Rights of Prisoners
One important yet often overlooked civil rights issue is the treatment of prisoners. Prisoners have, of course, generally been convicted of crimes, but they are still people and still have the right to be treated humanely. Although this right is guaranteed by law, there are sadly multiple prisons where prisoners are brutally mistreated. One common form of mistreatment is the sexual abuse of prisoners.
Sexual Abuse Should not be a Part of a Prisoner’s Punishment
A recent report from the United States Department of Justice has found that inmates at New Jersey’s only state prison for women were, for years, repeatedly sexually assaulted and abused by prison guards. The sexual abuse was so widespread that one guard was reportedly accused by sixteen separate inmates of sexual assault or physical abuse. In one case, according to the report, guards held a “viewing party” of a mentally ill inmate who was on suicide watch, coercing her to dance naked for them.
The prison, the Edna Mahan Correctional Facility for Women in Clinton, NJ, violated the constitutional rights of inmates, according to the report. As explained by Eric S. Dreiband, the head of the Justice Department’s Civil Rights Division, “sexual abuse should not be a part of any prisoner’s punishment”.
The report further found that the widespread sexual abuse of prisoners has been a decades-long “open secret”, according to multiple inmates.
A Pattern of Sexual Abuse Exposed
Over fifteen years ago, civil rights attorney Gregg L. Zeff attempted to expose and correct this “open secret” through a lawsuit on behalf of two Mahan inmates who had been sexually assaulted multiple times in the late 1990s. Although the Court believed that the inmates had been assaulted—the guard responsible had, in fact, been fired and criminally prosecuted—it ultimately concluded in its 2005 decision that the prison itself had not violated the constitutional rights of the inmates. Judge Fuentes dissented from the ruling, arguing that the case against the prison should go forward. Judge Fuentes reasoned, in part, that “a reasonable jury could conclude that a failure to institute any gender sensitivity or privacy training – even after newly introducing male guards into a female prison, despite a series of sexual assaults by guards on prisoners… was reckless.”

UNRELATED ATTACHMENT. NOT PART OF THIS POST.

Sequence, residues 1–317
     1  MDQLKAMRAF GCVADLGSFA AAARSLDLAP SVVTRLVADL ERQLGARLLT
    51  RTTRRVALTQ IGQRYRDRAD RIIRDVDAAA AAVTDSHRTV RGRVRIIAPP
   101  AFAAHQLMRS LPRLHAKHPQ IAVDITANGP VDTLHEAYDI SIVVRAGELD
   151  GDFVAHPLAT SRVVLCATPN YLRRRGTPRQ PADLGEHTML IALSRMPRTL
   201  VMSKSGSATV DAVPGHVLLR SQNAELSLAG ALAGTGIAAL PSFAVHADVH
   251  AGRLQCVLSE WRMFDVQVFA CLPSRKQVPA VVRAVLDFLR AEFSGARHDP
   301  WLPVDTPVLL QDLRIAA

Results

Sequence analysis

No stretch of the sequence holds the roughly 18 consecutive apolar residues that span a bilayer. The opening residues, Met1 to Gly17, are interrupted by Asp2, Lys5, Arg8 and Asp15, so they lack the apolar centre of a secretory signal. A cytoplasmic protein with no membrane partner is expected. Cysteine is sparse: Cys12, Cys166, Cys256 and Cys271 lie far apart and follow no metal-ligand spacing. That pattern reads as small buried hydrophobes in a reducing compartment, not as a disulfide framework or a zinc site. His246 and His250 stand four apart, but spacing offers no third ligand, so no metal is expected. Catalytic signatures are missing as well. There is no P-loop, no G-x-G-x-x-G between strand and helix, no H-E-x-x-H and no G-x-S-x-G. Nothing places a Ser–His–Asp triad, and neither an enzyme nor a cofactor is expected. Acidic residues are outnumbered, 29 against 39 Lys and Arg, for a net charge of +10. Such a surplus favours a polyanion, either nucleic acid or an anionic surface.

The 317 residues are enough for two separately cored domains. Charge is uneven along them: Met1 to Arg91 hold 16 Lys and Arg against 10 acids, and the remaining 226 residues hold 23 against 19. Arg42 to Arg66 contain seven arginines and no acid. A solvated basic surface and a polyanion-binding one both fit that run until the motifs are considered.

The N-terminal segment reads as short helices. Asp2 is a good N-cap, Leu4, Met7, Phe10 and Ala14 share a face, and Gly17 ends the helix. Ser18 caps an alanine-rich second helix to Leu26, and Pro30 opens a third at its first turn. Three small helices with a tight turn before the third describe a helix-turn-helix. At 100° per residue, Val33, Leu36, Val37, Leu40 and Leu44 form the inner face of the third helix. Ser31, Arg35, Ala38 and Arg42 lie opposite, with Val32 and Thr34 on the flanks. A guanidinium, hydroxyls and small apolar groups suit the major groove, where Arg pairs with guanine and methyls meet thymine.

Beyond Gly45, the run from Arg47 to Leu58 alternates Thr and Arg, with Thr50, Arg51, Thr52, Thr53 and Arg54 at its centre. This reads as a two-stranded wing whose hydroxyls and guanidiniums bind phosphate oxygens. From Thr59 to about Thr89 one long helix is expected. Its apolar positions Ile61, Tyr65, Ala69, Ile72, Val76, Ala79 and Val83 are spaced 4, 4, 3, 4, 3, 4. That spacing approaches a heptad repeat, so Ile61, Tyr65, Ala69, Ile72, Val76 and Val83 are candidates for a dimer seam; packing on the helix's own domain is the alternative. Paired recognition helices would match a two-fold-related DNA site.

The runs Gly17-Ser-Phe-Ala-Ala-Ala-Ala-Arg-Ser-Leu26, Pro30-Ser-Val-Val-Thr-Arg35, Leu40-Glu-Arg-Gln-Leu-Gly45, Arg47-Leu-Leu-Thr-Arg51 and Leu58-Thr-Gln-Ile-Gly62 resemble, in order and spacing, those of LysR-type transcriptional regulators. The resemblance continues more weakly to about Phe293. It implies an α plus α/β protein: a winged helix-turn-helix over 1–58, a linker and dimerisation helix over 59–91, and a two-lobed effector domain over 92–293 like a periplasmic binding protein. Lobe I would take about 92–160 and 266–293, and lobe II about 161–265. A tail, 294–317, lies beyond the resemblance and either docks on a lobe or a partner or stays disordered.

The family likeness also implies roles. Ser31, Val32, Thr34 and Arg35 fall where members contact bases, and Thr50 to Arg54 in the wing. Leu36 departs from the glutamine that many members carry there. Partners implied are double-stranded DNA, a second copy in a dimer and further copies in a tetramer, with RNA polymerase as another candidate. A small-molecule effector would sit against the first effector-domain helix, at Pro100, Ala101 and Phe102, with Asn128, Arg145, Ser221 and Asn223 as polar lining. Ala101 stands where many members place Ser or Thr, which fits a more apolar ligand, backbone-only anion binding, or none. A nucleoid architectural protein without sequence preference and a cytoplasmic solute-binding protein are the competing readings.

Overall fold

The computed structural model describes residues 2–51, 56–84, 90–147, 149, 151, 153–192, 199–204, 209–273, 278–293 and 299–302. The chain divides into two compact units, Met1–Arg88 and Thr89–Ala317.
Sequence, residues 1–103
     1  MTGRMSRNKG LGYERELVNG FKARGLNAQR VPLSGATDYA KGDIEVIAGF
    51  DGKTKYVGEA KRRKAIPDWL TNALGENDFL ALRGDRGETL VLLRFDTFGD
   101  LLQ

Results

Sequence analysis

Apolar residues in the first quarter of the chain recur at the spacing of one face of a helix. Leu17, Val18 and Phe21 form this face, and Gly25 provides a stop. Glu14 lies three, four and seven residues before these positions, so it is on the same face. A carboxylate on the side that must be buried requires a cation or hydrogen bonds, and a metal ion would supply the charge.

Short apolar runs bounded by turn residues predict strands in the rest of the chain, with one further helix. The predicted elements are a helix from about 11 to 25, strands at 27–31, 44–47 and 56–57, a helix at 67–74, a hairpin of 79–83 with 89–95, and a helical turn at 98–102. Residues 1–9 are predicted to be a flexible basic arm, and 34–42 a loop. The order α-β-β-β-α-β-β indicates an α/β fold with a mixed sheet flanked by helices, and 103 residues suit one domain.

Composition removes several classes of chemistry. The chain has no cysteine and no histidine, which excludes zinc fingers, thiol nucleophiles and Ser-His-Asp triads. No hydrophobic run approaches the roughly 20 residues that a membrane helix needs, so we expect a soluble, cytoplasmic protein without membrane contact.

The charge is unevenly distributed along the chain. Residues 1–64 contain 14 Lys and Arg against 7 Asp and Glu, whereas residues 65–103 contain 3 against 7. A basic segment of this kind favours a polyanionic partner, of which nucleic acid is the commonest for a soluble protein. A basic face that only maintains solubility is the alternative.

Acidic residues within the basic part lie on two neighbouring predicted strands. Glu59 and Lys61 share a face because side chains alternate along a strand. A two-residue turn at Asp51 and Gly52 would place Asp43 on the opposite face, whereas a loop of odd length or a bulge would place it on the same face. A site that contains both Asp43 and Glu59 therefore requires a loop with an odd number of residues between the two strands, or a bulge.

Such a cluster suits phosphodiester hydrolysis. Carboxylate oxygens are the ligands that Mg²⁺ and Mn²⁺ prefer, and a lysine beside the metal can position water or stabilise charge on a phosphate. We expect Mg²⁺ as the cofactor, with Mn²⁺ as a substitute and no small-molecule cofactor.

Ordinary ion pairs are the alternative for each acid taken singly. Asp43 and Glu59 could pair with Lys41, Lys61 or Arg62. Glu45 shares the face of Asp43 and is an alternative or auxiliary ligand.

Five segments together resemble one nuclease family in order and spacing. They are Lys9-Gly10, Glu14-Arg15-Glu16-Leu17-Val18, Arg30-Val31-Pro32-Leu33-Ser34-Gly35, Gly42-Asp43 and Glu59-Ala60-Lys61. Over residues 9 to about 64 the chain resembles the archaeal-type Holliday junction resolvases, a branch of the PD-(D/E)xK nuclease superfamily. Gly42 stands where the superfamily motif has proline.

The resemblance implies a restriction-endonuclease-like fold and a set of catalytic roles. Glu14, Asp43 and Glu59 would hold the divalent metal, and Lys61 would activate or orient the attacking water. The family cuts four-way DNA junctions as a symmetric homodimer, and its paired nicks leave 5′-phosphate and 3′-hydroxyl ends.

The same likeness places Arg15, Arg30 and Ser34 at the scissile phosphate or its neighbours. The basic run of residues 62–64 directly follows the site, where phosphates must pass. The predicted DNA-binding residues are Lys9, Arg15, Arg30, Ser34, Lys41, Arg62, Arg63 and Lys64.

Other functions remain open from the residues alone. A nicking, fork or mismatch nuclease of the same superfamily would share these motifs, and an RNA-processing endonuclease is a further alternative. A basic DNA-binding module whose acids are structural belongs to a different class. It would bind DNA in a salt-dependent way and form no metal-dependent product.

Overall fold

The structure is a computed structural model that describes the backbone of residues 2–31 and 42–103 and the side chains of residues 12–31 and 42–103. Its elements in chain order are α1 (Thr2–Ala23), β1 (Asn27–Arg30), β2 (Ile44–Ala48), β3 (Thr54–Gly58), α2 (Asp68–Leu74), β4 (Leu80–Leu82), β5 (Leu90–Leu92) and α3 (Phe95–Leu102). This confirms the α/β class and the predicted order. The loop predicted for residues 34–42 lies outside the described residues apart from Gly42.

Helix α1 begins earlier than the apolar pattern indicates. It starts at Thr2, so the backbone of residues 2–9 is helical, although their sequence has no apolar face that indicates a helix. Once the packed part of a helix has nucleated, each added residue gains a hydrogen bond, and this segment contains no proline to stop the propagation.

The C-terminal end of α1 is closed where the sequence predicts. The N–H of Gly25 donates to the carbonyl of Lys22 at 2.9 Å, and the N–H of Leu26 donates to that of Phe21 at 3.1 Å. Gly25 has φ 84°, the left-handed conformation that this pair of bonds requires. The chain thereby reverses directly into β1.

For decades, Gregg L. Zeff and Zeff Law Firm have been on the forefront of protecting the rights of people by exposing the reckless conduct of prisons like Edna Mahan. This important work—and the similar work done by countless other civil rights attorneys and organizations—has helped to ensure that sexual abusers, and the places that employ them, are brought to justice. Even though the 2005 decision did not represent a “win” against the prison, it represented an important part of the takedown that ultimately led to the recent Justice Department report. Zeff Law Firm looks forward to continuing this important and essential work for years to come, in the hopes that eventually, no more prisoners will be forced to endure sexual abuse.
Read the NJ.com opinion piece written by attorney Gregg Zeff’s NJ state NAACP colleague, Richard Robinson here.